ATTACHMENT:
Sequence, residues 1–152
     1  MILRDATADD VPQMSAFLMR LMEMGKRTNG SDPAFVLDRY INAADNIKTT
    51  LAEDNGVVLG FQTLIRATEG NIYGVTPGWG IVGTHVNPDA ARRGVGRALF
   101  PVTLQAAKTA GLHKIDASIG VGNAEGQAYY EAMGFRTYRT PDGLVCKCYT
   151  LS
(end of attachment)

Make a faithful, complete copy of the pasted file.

Sequence, residues 1–152
     1  MILRDATADD VPQMSAFLMR LMEMGKRTNG SDPAFVLDRY INAADNIKTT
    51  LAEDNGVVLG FQTLIRATEG NIYGVTPGWG IVGTHVNPDA ARRGVGRALF
   101  PVTLQAAKTA GLHKIDASIG VGNAEGQAYY EAMGFRTYRT PDGLVCKCYT
   151  LS